Not only did the sponsors come and go, as did the drivers, but the No. 5 went from being an elite Nationwide Series car to an after-thought.
A championship is distant memory, and victories are few and far between, just as the track time that the No. 5 has seen recently.
In 2008 the last piece of Ricky Hendrick that was attached to the No. 5 car disappeared. After hiring Dale Earnhardt Jr. to come drive one of his Sprint Cup cars, Rick Hendrick made Earnhardt Jr. the co-owner of the Nationwide No. 5.
The team was moved into Earnhardt Jr.’s shop.
For the first time since it’s inception, the No. 5 did not run a full season in 2007, only competing in 26 of 35 races.
A year later, once again seven drivers split time in the car and were able to compete in all 35 events, with Mark Martin and Ron Fellows able to bring home the checkered flag.
But this year the No. 5 is all but extinct.
Lack of sponsorship, which most likely arises from not having a full time driver capable or running for a championship, has kept the car from competing.
When it has hit the track, it’s not the car it once was.
Wrecks or middle of the field efforts are common scenes. It almost appears that they are down on horsepower compared to everyone else.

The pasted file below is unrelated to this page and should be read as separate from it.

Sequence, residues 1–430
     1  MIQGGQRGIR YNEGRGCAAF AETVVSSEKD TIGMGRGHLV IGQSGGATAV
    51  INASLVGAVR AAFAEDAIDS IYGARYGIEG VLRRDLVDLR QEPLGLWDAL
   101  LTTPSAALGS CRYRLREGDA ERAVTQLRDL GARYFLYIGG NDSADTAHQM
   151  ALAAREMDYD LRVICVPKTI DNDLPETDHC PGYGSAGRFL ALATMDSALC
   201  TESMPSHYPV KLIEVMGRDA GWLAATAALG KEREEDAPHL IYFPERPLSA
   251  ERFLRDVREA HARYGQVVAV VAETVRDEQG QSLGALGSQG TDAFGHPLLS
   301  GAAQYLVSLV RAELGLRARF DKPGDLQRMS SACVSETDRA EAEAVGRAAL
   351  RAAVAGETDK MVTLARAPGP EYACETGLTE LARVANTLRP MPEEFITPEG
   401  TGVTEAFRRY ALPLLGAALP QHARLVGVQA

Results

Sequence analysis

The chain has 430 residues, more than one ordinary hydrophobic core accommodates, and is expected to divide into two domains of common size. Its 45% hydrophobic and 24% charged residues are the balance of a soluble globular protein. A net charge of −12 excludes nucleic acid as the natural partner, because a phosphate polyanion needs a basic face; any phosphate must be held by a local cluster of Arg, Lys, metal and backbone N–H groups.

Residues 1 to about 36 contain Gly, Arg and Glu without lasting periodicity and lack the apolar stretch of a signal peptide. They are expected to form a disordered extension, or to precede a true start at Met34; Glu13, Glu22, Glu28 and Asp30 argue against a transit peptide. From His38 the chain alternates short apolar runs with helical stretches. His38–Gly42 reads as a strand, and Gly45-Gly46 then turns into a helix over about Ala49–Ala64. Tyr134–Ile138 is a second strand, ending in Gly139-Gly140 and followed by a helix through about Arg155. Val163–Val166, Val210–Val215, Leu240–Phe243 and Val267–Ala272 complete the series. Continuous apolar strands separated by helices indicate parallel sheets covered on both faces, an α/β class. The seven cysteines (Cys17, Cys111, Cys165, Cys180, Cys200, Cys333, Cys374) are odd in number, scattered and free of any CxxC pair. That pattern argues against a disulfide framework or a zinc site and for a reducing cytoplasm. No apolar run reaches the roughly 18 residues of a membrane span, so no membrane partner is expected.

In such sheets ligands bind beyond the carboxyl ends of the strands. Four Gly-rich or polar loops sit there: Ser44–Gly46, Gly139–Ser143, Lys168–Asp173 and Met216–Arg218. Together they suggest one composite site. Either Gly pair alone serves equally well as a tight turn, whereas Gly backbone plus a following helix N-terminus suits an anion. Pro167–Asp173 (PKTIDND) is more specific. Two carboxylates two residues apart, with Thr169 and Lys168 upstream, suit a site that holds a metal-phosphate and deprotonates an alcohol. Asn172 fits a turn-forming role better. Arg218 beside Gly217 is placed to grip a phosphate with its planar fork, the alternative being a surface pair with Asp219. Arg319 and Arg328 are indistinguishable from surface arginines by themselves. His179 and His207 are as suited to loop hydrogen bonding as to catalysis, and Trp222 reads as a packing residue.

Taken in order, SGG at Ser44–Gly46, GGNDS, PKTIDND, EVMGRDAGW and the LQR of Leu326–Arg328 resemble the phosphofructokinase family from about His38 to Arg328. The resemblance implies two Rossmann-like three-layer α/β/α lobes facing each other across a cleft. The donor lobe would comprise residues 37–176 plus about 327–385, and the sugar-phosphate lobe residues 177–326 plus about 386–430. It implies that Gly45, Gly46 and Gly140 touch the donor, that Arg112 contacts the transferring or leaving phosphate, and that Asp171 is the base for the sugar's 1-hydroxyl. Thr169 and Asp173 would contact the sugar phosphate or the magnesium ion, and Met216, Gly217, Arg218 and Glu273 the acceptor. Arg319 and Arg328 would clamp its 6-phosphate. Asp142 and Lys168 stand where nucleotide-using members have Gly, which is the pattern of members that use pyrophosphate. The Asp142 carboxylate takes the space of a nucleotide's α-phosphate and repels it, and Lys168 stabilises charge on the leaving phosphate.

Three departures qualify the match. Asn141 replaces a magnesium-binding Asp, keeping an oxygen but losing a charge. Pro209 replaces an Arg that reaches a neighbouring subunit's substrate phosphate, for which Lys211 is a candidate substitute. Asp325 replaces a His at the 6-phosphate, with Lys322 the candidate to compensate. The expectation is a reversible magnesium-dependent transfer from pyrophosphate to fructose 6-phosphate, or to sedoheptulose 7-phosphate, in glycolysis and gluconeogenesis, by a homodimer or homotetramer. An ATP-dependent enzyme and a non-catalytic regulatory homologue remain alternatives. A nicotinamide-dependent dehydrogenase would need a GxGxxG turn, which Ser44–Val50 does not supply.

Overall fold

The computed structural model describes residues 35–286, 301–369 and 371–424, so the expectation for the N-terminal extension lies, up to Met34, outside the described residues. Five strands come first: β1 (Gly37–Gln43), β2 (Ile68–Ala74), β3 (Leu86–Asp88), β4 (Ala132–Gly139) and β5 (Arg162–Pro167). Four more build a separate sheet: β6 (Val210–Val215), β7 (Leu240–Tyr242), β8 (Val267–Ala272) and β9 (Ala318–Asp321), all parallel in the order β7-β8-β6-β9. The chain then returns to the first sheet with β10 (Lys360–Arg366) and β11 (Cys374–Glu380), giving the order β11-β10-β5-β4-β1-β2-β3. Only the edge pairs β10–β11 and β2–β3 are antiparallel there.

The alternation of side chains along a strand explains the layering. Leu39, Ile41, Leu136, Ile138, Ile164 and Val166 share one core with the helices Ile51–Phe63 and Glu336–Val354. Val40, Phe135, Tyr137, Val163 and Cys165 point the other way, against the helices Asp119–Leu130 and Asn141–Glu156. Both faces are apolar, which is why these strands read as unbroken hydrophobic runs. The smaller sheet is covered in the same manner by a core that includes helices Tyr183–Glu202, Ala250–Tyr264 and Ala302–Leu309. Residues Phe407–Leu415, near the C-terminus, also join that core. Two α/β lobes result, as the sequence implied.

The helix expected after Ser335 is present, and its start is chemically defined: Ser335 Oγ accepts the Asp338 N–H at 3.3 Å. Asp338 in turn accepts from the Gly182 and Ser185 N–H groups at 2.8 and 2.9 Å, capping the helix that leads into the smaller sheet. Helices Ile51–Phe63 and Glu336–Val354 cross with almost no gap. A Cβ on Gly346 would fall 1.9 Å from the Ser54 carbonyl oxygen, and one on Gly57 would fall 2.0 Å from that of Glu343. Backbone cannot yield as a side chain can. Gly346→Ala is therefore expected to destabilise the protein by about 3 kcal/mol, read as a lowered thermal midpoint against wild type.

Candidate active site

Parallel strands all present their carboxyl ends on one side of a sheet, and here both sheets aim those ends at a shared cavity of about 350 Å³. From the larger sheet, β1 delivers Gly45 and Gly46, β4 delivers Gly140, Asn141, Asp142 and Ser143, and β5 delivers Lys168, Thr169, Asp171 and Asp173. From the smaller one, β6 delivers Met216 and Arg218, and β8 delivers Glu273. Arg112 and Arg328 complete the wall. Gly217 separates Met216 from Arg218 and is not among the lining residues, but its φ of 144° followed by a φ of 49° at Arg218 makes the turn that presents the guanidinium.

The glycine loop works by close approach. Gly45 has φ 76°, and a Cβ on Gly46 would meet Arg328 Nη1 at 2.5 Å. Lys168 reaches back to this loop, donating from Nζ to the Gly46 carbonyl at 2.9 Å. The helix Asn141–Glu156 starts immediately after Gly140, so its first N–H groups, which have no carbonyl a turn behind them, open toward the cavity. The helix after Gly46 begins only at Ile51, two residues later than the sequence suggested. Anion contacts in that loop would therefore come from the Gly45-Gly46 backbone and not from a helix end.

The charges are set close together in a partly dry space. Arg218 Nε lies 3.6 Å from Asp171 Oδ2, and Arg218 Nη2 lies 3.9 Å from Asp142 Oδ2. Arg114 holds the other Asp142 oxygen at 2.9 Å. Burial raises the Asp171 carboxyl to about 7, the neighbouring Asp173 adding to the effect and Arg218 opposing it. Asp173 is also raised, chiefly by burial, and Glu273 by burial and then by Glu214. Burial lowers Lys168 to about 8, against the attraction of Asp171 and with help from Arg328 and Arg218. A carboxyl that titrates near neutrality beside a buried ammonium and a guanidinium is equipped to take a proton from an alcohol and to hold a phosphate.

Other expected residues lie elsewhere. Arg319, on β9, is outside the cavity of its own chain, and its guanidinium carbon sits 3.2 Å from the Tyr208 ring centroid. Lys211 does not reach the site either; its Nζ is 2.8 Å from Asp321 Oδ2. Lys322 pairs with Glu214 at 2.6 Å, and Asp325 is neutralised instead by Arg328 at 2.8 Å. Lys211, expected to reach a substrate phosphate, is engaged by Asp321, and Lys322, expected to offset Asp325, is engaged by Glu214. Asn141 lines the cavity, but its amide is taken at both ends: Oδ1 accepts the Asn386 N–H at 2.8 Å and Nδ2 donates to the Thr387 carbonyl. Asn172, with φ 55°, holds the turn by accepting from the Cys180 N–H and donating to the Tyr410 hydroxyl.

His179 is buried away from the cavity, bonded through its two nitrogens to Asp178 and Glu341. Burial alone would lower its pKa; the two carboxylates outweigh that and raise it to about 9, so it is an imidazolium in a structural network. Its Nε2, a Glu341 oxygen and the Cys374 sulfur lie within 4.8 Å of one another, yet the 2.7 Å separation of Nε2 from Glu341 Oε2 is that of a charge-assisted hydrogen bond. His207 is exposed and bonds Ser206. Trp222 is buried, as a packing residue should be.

Don’t expect to see it dominating races, or winning championships or coming close to being a factor each weekend.
Those days are gone, just a memory of what Ricky Hendrick wanted when he stepped out back in 2002 in hopes of making it one of the best Nationwide Series cars on the track each weekend.
If Brad Keselowski is to move up the Cup Series in 2010, it would be nice to see the 5 car get more attention with it’s rich history and the dreams a young man had for it.
What a way to remember a man that was on the promising road to becoming just as successful as his father, when he left us too soon. All that remains are the memories of a career and a car that Ricky Hendrick truly made his own and that should be honoring him each weekend on the track.
Instead his memory is sitting in a garage covered in dust.
“I feel like it’s my child. It’s something I put together and something that I started.”